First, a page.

The hoodlums systematically pull the beauty salon apart, dancing and prancing and goofing off. But it’s also premeditated. Because this sets the stage for them to chase after the most attractive and genteel girl in town, first mobbing her and then chasing after her on their motorcycle as she flees down the street. It’s a different type of social terror and especially in the modern-day, it’s particularly perturbing to be complicit to the moment even as a powerless viewer.

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That’s the one key to Brando’s portrayal. He’s a nonconformist against all forms of authority, and yet he still manages to cleave rather nonchalantly to some kind of romantic code of conduct. In a sense, he rescues her only to whisk her off on his motorcycle to some deserted park. She’s tired, not ready to put up any sort of fight. The progression from here seems obvious.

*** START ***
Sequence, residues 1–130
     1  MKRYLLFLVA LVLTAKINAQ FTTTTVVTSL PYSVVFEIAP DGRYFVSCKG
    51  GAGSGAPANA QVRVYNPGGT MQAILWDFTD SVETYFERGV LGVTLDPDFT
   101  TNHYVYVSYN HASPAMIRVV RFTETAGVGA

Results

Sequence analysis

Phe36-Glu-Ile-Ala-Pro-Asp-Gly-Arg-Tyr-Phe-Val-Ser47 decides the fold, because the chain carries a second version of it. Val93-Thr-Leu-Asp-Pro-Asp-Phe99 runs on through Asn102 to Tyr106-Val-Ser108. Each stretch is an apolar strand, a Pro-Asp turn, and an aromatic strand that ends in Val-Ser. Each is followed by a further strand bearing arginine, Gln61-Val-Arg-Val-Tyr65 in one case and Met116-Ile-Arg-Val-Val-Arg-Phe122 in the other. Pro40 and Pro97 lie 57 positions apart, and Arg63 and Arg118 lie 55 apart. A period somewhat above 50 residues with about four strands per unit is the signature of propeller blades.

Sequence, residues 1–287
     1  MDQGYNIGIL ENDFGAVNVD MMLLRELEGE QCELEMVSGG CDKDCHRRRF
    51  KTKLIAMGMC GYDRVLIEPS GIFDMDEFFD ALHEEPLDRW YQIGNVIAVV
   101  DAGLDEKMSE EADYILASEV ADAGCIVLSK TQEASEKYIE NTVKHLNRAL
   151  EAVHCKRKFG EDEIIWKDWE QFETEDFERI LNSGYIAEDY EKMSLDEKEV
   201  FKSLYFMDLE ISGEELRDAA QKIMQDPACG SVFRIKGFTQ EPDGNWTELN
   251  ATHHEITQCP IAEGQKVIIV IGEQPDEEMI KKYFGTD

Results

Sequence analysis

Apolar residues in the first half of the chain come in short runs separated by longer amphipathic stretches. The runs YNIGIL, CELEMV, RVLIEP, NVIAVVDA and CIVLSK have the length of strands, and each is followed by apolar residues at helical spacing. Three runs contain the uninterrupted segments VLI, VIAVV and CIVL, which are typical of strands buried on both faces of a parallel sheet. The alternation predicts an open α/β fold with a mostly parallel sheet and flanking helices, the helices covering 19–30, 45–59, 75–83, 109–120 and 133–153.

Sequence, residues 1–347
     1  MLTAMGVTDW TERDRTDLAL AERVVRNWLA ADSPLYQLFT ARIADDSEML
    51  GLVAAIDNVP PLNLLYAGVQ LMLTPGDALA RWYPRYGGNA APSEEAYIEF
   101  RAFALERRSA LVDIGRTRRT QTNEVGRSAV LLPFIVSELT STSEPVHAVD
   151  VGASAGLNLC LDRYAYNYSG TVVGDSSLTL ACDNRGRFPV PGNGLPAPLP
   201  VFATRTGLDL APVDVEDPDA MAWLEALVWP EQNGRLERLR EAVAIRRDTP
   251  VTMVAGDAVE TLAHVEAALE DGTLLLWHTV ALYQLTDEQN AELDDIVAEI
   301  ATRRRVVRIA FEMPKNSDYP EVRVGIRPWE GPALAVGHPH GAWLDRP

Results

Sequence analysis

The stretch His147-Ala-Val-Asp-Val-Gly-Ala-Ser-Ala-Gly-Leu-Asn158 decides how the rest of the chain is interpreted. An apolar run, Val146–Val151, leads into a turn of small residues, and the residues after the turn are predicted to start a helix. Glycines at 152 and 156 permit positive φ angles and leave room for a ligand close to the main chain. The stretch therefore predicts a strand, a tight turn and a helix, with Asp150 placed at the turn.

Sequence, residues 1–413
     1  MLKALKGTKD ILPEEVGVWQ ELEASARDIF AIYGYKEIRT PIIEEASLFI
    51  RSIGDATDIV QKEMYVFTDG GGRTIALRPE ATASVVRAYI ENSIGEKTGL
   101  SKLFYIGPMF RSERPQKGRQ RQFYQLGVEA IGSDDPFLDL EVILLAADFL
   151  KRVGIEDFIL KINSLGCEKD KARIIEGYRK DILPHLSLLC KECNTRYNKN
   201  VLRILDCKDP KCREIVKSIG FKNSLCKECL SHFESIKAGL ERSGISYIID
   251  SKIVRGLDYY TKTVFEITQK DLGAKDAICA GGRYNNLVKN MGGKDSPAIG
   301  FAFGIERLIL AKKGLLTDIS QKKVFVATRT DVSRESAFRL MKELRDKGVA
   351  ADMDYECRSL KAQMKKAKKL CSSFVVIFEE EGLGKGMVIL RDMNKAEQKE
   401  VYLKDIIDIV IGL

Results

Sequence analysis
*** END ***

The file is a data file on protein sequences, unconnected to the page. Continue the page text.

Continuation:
And yet in some curious about-face, The Wild One flips its primary stereotype on its head creating a curious aside. Kathie intimidates him with her breeding, and then, she simultaneously wants to go off somewhere with Johnny and leave the town behind. Both developments feel unexpected. It happens so fast, too fast even, if this wasn’t the heightened reality of a B-picture. For this reason alone with can forgive the moment.

Because the movie constantly corkscrews its logic this way and that to a dizzying degree. The out-of-towners began as the obvious aggressors only for the townspeople to turn on them, giving them a taste of their own medicine. Nothing lines up in terms of what is fair or just. All that is rational spins further and further out of control. It’s part of the intrigue of the movie — a bit like gawking at a car accident — you can’t turn away.